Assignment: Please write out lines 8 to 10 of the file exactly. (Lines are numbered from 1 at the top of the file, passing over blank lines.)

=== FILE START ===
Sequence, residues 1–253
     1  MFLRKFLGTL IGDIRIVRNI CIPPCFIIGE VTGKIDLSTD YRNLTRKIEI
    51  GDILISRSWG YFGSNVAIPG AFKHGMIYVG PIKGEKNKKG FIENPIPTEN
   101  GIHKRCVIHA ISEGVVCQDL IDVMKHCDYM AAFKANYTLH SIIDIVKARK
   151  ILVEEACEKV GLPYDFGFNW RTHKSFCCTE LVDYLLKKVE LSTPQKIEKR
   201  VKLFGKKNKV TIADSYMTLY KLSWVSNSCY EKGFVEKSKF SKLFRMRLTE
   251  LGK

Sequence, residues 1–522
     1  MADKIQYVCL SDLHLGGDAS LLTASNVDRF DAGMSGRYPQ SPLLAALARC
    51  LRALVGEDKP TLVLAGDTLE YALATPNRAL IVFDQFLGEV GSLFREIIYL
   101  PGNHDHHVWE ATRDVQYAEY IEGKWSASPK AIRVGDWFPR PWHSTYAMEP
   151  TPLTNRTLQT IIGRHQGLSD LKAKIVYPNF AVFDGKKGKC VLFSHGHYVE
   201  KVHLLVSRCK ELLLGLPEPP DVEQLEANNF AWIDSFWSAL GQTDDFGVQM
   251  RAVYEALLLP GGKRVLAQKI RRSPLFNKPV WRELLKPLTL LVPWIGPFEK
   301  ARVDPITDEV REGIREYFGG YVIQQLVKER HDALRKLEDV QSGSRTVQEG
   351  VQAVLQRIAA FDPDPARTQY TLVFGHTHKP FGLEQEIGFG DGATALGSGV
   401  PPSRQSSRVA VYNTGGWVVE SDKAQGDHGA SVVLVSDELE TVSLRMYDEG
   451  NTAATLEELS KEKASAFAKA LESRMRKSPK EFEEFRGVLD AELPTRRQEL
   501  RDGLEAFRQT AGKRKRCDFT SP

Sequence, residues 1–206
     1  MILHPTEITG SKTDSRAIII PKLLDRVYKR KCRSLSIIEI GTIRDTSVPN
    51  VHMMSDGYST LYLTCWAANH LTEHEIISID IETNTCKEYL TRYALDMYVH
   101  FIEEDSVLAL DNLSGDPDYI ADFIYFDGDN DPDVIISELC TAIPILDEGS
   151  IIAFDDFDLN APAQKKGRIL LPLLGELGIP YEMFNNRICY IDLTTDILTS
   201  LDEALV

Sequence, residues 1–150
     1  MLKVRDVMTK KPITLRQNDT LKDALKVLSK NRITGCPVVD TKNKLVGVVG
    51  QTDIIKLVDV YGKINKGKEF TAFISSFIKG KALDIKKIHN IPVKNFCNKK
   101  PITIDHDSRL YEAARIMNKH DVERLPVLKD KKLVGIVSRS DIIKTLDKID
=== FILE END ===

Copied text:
Sequence, residues 1–522
     1  MADKIQYVCL SDLHLGGDAS LLTASNVDRF DAGMSGRYPQ SPLLAALARC
    51  LRALVGEDKP TLVLAGDTLE YALATPNRAL IVFDQFLGEV GSLFREIIYL